Almost four years later Wicker would publish an account of the uprising titled A Time to Die. This account is a testament of the times. Wicker was an unabashed liberal when that word defined a certain political and cultural mindset that included support for civil rights, civil liberties, and the consideration that radical and revolutionary leftists not only made some valid points but that they were often right when it came to analyzing the nature of race and class in the United States. His book on Attica stands as one of the best pieces of journalism to come out of the period known as the Sixties. Fortunately, it was recently republished in a paperback edition by Haymarket Books of Chicago. Written in the third person — like much of Norman Mailer’s best journalism — Wicker describes the events that took place in Attica after he arrived there sometime during the night of September 8, 1971. His chronicle reflects the genuine concern for the lives of the prisoners and the hostages and is witness to his growing disbelief that there can ever be a peaceful resolution to the situation. That awareness is accompanied by his acknowledgement that the blame for this does not fall on the prisoners but on those in the New York government apparatus that cannot or will not see the men of Attica as human beings. The tension inside the prison and between and within the various groups involved forces Wicker to reflect on his life growing up in a union anti-segregationist family in the apartheid US South. This personal history and the contrast between the prisoners desire to be treated like humans and the bureaucrats’ determination to deny that desire causes Wicker to forsake his journalistic objectivity in favor of the inmates. In what is certainly one of his finest journalistic moments, after hearing Rockefeller tell him that granting amnesty to the prisoners would undermine the basic tenets of our society, Wicker writes:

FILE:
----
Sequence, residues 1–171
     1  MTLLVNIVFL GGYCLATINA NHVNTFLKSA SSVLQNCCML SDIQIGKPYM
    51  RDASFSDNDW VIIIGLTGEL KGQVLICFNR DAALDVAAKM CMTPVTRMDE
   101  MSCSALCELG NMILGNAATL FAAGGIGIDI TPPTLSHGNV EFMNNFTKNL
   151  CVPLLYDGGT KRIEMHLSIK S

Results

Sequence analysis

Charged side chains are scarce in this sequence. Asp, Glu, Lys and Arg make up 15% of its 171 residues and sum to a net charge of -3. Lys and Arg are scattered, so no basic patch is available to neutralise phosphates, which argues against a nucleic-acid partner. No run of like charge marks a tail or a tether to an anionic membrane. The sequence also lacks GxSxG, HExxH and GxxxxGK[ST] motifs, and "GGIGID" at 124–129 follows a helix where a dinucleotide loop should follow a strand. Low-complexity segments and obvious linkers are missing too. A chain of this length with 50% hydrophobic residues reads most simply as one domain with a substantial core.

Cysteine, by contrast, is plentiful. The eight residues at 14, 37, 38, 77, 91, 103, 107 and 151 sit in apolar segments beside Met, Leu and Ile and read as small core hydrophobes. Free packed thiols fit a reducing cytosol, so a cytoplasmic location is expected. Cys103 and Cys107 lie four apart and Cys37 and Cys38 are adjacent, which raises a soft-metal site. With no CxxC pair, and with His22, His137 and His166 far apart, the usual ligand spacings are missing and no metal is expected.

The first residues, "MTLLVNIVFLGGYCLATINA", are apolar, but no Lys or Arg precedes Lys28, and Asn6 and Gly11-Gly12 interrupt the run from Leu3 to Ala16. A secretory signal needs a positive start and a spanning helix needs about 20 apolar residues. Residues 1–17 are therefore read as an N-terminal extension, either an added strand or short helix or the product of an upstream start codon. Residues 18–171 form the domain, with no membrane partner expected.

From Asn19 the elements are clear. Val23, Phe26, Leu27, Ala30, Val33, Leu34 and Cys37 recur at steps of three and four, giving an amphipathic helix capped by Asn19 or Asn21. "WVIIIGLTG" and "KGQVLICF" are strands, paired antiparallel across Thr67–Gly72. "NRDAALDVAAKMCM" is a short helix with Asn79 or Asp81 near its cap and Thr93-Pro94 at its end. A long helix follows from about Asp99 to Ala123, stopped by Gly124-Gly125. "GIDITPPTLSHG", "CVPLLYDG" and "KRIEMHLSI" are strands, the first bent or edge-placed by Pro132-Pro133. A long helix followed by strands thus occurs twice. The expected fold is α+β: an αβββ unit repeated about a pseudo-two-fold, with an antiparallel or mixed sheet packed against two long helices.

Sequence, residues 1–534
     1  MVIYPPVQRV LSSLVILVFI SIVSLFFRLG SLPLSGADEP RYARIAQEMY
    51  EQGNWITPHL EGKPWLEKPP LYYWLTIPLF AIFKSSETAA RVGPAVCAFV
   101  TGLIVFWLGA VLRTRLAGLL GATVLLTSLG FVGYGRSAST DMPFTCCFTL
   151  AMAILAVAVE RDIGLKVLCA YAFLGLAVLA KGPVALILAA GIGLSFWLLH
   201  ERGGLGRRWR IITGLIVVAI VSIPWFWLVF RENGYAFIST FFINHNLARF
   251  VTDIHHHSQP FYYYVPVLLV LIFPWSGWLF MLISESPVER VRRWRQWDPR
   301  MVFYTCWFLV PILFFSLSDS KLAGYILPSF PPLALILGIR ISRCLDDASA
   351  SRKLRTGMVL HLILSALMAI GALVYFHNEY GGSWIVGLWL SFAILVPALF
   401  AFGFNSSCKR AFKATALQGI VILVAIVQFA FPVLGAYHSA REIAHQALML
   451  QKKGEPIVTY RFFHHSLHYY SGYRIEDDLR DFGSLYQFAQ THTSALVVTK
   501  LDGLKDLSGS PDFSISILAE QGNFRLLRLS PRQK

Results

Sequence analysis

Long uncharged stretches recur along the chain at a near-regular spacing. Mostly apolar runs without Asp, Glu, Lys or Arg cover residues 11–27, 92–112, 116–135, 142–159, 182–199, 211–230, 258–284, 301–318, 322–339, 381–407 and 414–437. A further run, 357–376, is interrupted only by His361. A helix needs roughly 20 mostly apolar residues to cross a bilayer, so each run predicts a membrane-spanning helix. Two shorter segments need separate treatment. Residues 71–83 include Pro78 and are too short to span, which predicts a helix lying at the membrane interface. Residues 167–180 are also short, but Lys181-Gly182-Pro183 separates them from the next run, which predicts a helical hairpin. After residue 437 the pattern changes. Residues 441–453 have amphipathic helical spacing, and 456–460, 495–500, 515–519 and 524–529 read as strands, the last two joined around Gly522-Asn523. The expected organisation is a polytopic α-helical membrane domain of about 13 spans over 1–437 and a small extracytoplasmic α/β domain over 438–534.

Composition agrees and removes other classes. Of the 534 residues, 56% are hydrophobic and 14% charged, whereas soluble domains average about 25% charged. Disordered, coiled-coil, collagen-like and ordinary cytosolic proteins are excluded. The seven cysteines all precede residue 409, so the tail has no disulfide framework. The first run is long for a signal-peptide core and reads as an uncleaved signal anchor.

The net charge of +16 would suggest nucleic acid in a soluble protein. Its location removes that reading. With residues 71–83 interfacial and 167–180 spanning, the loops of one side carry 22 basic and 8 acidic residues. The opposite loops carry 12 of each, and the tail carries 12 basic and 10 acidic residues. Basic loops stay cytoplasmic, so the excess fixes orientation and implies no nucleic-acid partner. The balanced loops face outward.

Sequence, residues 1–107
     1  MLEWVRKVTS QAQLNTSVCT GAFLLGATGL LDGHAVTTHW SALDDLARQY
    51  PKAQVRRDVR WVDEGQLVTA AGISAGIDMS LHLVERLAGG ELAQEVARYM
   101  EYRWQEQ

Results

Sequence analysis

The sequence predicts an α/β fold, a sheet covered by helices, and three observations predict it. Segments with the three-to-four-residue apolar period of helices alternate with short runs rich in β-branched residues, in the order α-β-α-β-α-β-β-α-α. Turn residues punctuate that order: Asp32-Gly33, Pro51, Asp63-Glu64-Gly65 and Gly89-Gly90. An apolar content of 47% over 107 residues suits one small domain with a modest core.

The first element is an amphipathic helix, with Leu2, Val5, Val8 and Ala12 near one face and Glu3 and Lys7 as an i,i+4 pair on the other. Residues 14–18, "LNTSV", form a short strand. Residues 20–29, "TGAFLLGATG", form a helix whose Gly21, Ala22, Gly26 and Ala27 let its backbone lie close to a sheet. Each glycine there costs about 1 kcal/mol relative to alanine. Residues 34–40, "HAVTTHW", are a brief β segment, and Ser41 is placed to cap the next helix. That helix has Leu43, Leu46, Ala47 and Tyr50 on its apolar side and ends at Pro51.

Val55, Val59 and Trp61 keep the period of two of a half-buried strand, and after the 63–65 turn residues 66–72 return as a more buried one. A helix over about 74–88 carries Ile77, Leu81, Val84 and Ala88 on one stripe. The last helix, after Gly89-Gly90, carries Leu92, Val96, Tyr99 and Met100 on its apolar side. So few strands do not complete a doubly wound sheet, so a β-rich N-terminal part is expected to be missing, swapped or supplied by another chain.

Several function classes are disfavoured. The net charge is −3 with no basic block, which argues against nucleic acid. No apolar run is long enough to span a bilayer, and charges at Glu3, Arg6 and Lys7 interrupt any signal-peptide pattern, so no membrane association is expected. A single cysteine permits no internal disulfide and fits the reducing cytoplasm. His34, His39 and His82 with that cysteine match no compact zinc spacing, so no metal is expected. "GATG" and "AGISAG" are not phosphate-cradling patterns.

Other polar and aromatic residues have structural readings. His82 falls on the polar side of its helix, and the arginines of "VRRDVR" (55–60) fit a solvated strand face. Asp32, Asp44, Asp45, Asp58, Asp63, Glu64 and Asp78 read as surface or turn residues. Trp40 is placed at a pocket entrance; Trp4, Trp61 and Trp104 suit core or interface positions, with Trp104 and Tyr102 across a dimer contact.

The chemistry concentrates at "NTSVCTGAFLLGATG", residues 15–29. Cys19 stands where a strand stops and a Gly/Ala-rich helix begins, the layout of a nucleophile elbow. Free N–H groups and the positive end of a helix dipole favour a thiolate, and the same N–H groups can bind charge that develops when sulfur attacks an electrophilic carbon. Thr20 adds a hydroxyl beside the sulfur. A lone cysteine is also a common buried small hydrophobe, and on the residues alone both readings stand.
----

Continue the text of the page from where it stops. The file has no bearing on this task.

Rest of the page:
Wicker had to stop himself from laughing–not with amusement– at this astounding irony. In a country where so many wealthy or well-represented lawbreakers could go free, where the killers at Kent State and Jackson State were not even prosecuted, where minorities (blacks and Mexican-Americans, for two good examples) suffered from openly prejudiced law in whole regions, where the poor and disadvantaged of all races usually felt the whole weight of the police, the courts, the prisons–in that country, the “equal application of the laws” was to be upheld in the case of the Attica Brothers!
If the Sixties were about freedom, and I believe that they were, then the men in Attica were ready to die for theirs. And many did. There were others in associated milieus that fought for theirs and for men like the Attica Brothers. Poet, writer, counterculture mischief-maker and rock musician Ed Sanders was one of those. His recently released biography Fug You: An Informal History of the Peace Eye Bookstore, the Fuck You Press, the Fugs, and Counterculture in the Lower East Side is a look at that battle. Sanders could be described as a member of the group of ramblers, mystics, poets, and plain old lunatics that formed a bridge between the Beatnik and hippie/freak culture. Like Neal Cassady, his age and refusal to go along with the dominant culture of the grey-flannel suit led him to places that existed on the fringes of US society, especially white US society. In the search to disengage from the mainstream culture, the men and women involved often went out of their way to offend. Given the Puritan confusion and hypocrisy about all things sexual, it was in that arena that artists and poets often played in when they wished to push the limits outward. William Burroughs and Allen Ginsberg — two men who make occasional appearances in Sanders’ jerry-built memoir — knew this territory well. Indeed, by the very fact of their homosexuality, they were already outside of society (like Patti Smith sings in her tune “Rock and Roll Nigger”).